In conclusion. Mr. Chairman and gentlemen, I must ask you, what need is there for any "comprehensive scheme" of im provement in relation to these flats? Who asks for it? Who desires it? Certainly the voice of this neighborhood has been heard distinctly enough, and in tones of which there can be no mistaking the meaning. And while I most fully admit that in all matters of State policy the opinion of no one part of the Commonwealth should have the control, yet I respectfully submit that in a matter like this the feelings and wishes of the neighborhood should be treated with respect and even indulgence, and I cannot see why we should yield our opinions to those of people far more remotely, far less vitally interested. But the sovereign prerogative by virtue of which the Commonwealth owns the sea-shore is one of a very peculiar kind. It is not held as she holds ordinary property, but on a special trust for the benefit of commerce and navigation, and other kindred objects. Certainly she does not hold it for the purposes of money-making, or of deriving a revenue from it by means of any species of alienation. If any such profit can be justified when made from it, it is only when subordinate and incidental to some higher and more important purpose. I shall not dwell upon this, but shall refer you to the able opening argument of my friend Mr. Shattuck, and to one authority, but that the very highest -the views of the late Chief Justice Shaw in the cases of the Commonwealth vs. Alger, 7 Cushing, 81, and the Commonwealth vs. The City of Roxbury, 9 Gray, 481. To
dispose of the shore for the benefit of revenue seems to me very much as if the Corporation of Harvard College were to apply funds given it for a special purpose to the general expenses of the University. We all know how quickly the courts would stop that, and although from the sovereign authority of our legislature on most questions, there may be no similar check on its action, I cannot think it the less unjustifiable. The fact that there is no constitutional restriction on you will not justify you. A law may be dishonest, oppressive or cruel, and yet be constitutional. The legislature may repeal the entire criminal law of the Commonwealth if it sees fit, and allow us to be plundered and murdered with impunity, and such a statute would be perfectly constitutional. Such checks have never been placcd on your action, because it was rightly judged that they were not needed; and I trust and believe that the continued preservation of the Charles River basin will show that no constitutional restriction on legislative power was needed to save it for the purposes for which the Almighty Creator intended it.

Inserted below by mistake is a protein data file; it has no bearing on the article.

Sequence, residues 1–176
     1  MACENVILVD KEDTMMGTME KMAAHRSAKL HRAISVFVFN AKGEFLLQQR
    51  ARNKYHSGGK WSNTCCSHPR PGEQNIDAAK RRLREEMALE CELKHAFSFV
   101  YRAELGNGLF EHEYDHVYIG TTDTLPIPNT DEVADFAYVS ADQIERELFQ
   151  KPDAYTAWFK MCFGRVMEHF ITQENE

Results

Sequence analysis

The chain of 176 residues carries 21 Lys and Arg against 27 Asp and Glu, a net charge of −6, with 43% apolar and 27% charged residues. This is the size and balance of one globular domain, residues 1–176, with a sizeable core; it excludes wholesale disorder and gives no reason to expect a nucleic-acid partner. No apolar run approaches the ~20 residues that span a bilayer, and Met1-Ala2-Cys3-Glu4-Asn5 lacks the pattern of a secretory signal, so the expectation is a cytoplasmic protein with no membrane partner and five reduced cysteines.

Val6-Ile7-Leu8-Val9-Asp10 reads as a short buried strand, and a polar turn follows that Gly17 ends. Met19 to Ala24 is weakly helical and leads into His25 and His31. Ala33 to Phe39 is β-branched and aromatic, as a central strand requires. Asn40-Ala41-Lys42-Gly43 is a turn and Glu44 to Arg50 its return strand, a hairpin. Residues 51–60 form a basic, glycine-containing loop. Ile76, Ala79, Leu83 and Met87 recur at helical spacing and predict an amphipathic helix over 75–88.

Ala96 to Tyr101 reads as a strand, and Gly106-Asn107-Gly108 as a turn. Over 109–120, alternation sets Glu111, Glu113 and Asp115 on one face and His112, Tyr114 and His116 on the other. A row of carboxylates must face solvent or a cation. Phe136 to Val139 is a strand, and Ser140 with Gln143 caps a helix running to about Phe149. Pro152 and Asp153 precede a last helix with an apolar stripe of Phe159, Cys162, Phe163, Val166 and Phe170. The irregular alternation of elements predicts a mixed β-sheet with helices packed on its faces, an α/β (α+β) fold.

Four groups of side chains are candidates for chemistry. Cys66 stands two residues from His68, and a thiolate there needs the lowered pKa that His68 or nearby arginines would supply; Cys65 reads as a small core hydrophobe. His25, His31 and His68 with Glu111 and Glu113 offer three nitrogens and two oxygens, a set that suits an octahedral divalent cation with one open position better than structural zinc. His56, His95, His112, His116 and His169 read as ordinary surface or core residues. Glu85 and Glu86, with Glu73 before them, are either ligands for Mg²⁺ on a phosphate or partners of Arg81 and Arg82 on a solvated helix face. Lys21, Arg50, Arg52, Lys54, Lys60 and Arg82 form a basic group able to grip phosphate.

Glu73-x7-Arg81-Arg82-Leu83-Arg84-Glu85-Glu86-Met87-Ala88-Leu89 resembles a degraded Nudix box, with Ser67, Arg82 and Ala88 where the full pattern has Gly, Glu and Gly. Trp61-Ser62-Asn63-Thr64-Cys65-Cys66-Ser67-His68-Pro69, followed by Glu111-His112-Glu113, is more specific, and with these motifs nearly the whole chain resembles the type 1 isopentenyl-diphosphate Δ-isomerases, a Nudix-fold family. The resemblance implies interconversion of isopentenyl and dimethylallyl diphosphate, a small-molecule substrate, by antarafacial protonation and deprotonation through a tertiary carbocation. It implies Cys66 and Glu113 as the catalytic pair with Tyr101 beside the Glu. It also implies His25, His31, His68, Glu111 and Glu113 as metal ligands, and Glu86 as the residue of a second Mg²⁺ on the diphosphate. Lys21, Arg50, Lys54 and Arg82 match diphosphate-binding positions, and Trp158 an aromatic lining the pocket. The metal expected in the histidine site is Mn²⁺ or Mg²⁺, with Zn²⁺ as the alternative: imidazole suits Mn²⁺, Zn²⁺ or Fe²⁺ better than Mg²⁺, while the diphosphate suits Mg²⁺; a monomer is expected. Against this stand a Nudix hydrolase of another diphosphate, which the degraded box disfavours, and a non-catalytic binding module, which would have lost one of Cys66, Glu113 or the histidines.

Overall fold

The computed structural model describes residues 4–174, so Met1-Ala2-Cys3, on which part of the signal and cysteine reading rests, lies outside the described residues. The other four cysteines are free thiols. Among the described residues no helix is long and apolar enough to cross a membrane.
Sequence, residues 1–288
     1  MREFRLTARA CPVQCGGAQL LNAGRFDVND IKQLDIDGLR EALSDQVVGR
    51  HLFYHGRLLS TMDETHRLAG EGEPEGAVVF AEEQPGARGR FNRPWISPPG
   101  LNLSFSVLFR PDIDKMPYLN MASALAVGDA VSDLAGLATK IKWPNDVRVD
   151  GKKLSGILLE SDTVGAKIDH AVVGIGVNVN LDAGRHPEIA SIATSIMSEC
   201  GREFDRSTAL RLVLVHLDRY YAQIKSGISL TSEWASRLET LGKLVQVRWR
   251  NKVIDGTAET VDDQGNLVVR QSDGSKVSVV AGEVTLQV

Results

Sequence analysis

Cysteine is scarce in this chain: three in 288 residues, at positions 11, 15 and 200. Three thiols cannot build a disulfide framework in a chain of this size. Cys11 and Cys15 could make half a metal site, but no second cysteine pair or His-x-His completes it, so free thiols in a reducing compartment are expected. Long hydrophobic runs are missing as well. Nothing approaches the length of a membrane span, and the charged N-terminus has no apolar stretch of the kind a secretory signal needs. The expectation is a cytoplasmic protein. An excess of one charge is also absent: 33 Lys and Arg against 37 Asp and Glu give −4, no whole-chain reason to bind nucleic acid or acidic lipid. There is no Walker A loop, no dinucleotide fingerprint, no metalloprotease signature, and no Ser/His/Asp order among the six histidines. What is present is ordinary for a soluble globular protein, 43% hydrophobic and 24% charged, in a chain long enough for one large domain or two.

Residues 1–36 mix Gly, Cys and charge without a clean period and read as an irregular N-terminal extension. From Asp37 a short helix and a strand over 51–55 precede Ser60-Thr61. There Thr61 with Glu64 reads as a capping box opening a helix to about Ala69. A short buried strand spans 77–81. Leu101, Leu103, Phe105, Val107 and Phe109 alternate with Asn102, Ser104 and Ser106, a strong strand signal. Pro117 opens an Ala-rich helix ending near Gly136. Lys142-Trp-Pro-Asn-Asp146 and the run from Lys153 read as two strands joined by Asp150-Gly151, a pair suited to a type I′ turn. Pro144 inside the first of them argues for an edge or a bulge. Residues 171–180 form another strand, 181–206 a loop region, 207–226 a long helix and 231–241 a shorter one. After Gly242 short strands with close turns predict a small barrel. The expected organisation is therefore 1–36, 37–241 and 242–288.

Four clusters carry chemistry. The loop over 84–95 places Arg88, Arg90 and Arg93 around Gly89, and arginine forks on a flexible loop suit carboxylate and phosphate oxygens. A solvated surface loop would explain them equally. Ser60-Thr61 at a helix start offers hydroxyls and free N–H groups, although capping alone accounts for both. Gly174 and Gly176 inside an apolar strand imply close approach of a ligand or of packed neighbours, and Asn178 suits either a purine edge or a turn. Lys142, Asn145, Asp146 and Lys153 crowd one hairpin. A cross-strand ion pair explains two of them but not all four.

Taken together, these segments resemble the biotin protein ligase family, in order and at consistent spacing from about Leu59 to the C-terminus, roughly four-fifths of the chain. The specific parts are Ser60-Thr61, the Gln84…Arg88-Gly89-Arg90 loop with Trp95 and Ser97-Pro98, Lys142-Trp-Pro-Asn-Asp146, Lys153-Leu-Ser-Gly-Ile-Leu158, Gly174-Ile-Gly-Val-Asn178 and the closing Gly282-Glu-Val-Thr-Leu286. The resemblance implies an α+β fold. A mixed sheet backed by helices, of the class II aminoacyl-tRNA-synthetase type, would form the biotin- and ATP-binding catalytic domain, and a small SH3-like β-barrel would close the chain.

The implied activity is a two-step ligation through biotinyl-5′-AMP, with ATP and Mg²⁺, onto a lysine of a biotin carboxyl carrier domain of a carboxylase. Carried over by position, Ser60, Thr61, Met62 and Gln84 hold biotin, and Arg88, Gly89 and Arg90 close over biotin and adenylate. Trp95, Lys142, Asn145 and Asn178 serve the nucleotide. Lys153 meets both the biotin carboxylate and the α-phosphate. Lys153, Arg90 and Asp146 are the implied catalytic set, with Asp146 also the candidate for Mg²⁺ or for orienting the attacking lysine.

An attempt has been made to discredit our opposition to this proposal by asserting that it is incited by the wealthy gentlemen whose residences skirt the river. If that were so, it would be no argument. The residents on Beacon, Charles and Brimmer streets are disturbed, and most naturally disturbed, at the idea of losing all the glorious beauties and advantages of that open basin. All men would be, under the same circumstances. Their opposition may be selfish, but happily the interests of all in this world are so interwoven with the interests of their fellow-men that an enlightened selfishness is often the highest wisdom, the highest benevolence. Why, gentlemen, if that basin be once filled up, and if, in consequence, the health of the city should be poorer than before, the air in summer closer, the heat more op pressive, who is it that will suffer? Is it the wealthy citizen, who, by means of a carriage drive, can be refreshed by the country air and the ocean breezes, or seek shelter from heat